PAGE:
The impact that Martin Luther King had in the United States is well-known to us. The effect he had on the rest of the world less-so.

Referring to the 1958 Montgomery Bus Boycott boycott, Enrique Dussel writes for Mexico’s La Jornada, “It was a routine ‘event’ that would launch Martin Luther [King] into history. Such ‘events’ are always of humble origin, but resonate strongly with the public. As with the ‘water war’ or the ‘gas war’ that ended up toppling two Bolivian governments, what began small ended up having a huge impact. … Dr. King became involved in the boycott and led demonstrations … and was was transformed into a leader of Afro-American multitudes who had already begun mobilizing.

In describing his growth into a global leader, Dussel writes, “Martin Luther began to discover other forms of oppression. So his discourses began to include all of the poor of the United States, from the urban working poor, Hispanic farm laborers and the marginalized, to the jobless. And after 1964, he began using his leadership to oppose the Vietnam War. In that year he received the Nobel Peace Prize. … But there is more. His discoveries led him to accuse his own country of being the cause of misery to other peoples. In 1967 he led the ‘Poor People’s March,’ which lifted the issues of racial and economic injustice to the national and global level. He reached out beyond the poor of the U.S. to those of Africa, where the slaves originated, and to Asia and Latin America.”

Dussel concludes, “It seems as though he had overstepped the limits of allowable criticism. … And so on April 4, 1968 (the same year as the May unrest in Paris and Berkeley, and the October Massacre in Tlatelolco), the life of Martin Luther King was cut short.”

By Enrique Dussel*

Translated By Halszka Czarnocka

April 4, 2008

Mexico – La Jornada – Original Article (Spanish)

Forty years ago on April 4th, Martin Luther King was assassinated in Memphis! It’s an anniversary that provides food for thought.

Martin Luther, an Afro-American from a Baptist community, was born in the midst of economic depression in 1929. As his father was a pastor and having obtained a doctorate in Boston [Boston University, in systematic theology], he took charge of a community of believers in Atlanta, Georgia [actually, it was in Montgomery, Alabama; the Dexter Avenue Baptist Church]. The struggle for the civil rights was picking up, but it was a routine “event” that would launch Martin Luther into history.

Such “events” are always of humble origin, but resonate strongly with the public. As with the “water war” or the “gas war” in Bolivia, what began small ended up toppling two Bolivian governments. One shouldn’t dismiss “events” that could develop into storms – an issue exposed by Alain Badiou in his “Being and Event,” and which Walter Benjamin referred to as “now-time” in regard to the arrival of the messiah.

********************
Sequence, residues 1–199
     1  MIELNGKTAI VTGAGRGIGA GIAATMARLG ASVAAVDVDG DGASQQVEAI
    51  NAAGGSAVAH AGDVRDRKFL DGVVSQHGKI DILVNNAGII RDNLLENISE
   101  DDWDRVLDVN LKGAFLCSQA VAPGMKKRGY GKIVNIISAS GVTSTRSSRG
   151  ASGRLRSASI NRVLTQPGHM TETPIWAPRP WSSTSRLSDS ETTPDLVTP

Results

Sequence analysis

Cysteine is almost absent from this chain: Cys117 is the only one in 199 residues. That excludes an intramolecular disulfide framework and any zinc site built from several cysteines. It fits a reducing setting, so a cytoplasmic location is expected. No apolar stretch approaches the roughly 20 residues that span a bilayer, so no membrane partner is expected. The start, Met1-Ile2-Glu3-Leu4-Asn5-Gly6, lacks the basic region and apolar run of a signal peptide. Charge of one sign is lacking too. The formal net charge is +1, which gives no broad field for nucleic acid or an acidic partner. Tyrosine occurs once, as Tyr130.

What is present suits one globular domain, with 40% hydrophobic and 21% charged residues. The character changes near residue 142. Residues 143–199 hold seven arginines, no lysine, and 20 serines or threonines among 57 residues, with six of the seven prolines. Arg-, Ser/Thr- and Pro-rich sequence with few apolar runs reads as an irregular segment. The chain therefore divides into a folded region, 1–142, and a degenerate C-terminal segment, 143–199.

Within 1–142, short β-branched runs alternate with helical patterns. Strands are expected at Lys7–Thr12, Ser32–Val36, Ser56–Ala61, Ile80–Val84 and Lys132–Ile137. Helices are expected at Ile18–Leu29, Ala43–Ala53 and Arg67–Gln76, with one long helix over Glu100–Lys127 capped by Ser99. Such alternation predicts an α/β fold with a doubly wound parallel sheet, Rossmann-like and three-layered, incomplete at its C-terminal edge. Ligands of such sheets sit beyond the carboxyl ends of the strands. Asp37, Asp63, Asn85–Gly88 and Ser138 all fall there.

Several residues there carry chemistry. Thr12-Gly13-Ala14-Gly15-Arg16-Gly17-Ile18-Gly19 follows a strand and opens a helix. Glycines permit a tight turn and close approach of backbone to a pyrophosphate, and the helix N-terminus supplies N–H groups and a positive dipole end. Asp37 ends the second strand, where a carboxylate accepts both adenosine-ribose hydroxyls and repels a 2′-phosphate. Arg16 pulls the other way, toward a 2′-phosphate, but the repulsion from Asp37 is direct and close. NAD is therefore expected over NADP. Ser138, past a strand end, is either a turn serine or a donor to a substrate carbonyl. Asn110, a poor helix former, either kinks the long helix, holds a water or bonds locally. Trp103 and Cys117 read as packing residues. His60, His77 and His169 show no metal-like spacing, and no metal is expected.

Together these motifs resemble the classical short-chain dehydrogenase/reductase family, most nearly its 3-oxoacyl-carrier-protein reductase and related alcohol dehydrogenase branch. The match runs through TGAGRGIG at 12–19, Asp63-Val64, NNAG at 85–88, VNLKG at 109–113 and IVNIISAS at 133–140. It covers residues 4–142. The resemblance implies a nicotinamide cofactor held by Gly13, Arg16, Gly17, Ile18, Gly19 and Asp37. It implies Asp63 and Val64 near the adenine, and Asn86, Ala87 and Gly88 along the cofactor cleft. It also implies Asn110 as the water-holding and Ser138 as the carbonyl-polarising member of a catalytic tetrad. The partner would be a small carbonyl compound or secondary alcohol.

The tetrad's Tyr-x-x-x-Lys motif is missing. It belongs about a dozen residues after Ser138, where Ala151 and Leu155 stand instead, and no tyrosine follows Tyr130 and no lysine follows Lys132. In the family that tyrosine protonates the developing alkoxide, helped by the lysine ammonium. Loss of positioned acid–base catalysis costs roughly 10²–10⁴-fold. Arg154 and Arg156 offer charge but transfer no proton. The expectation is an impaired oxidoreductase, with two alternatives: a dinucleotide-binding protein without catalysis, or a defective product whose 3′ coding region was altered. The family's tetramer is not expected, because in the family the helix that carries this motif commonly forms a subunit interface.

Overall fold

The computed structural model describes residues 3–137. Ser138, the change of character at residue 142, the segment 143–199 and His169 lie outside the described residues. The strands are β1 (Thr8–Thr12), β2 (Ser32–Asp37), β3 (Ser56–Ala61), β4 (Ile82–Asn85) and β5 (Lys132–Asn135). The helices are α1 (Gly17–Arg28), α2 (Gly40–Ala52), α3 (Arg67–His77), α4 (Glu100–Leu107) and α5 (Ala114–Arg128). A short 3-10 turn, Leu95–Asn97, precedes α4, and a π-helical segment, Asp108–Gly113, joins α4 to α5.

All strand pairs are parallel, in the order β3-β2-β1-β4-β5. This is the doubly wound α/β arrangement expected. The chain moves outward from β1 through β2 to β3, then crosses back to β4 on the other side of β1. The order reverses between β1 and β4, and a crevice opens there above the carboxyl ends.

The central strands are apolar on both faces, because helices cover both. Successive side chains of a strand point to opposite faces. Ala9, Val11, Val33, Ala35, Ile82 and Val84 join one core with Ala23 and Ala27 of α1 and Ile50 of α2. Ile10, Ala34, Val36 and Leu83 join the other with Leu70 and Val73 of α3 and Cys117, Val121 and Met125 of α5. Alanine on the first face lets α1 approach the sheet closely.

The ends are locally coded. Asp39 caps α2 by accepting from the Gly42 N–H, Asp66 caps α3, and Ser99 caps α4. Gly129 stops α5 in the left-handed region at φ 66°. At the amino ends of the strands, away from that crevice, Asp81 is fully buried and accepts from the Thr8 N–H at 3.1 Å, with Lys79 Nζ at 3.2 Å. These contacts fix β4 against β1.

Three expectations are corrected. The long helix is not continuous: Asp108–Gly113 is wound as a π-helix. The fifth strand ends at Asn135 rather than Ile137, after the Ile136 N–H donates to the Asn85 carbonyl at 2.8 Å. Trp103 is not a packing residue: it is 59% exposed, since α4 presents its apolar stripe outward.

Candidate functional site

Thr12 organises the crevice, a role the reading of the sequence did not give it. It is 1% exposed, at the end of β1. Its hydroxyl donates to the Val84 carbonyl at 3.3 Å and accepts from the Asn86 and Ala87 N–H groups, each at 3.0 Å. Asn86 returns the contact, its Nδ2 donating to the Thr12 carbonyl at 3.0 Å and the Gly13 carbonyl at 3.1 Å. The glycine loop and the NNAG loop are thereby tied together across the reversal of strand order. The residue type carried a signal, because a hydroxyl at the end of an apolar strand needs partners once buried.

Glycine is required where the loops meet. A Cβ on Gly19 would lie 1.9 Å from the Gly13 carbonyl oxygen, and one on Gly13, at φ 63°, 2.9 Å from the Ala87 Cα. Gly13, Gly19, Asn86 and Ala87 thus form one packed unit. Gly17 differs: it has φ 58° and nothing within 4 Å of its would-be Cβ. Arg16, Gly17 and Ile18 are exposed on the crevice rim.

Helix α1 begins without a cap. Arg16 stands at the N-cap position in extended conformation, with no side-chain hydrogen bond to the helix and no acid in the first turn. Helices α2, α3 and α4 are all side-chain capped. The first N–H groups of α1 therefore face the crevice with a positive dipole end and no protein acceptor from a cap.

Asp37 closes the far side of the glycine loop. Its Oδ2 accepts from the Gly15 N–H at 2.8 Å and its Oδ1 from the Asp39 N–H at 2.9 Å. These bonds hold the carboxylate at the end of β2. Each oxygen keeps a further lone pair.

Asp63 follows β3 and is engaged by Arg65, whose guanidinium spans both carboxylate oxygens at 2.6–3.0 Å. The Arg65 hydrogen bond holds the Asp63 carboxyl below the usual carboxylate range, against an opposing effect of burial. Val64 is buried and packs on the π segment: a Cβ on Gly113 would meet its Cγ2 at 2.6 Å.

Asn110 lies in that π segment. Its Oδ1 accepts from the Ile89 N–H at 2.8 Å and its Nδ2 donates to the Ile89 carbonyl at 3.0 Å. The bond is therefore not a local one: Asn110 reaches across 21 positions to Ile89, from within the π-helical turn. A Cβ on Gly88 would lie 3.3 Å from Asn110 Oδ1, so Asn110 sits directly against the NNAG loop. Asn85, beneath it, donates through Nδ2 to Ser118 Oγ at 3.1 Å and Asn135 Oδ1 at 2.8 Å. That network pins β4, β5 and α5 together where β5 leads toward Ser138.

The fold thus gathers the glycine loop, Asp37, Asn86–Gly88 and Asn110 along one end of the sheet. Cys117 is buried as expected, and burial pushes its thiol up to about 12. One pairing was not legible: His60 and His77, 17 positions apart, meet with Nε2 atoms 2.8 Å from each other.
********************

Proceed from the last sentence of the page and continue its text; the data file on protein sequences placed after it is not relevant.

In this case, the “event” was the simple fact that an Afro-American woman, tired after finishing work, refused to give up her bus seat to a White person who wanted to take it, as the established custom and the discriminatory laws of the south dictated. The woman preferred to have the bus stopped. The police were summoned and a full-blown confrontation ensued. But the best part is that the other Afro-Americans on the bus not only got off, but they declared a boycott of the bus company. The controversy spread. The local pastor, Dr. Martin Luther King, became involved in the boycott and led demonstrations. Meanwhile, every Afro-American in Atlanta began to walk to work, sometimes over long distances and for days or even weeks.

The bus company sued the movement because it went into bankruptcy. King was accused in a court of law and found guilty of causing economic damage the company by holding the boycott and had to suffer incarceration. All this had the effect of raising the social pressure, and the young, 26-year-old pastor was transformed into a leader of Afro-American multitudes who had already begun mobilizing across the country for the fight against racial discrimination.

In 1956, a law was decreed to end racial segregation in the United States (which is not the same as making it a reality), and slowly but surely, Afro-Americans began accruing political clout. Martin Luther’s leadership continues to inspire, not only in his native state, but across the country. Reflecting on Mahatma Gandhi’s doctrine of “non-violence” (which was inspired by the ancient Jain school of Indian thought), he began a true strategic struggle against racism in the United States, a phenomenon as old as slavery, which was established in the 17th century. Martin Luther was arrested again several times. While “non-violence” isn’t a universal principle, it’s a strategy that works in a country that respects the rule of law (for the powerful, of course, not for the poor).

It was August 28, 1968 when he delivered his most famous speech before 200 000 people in front of the Lincoln Memorial in Washington.

Gradually, the Atlanta preacher [Alabama, actually] began to realize that that Afro-American people had been discriminated against since the dawn of modernity; since the onset of European slavery that involved over 15 million Africans. It was a terrible kind of oppression, and yet it was an oppression that went unnoticed by French Revolutionary and Enlightenment thinking. Then Martin Luther began to discover other forms of oppression. So his discourses began to include all of the poor of the United States, from the urban working poor, Hispanic farm laborers and the marginalized, to the jobless. And after 1964, he began using his leadership to oppose the Vietnam War. In that year he received the Nobel Peace Prize.


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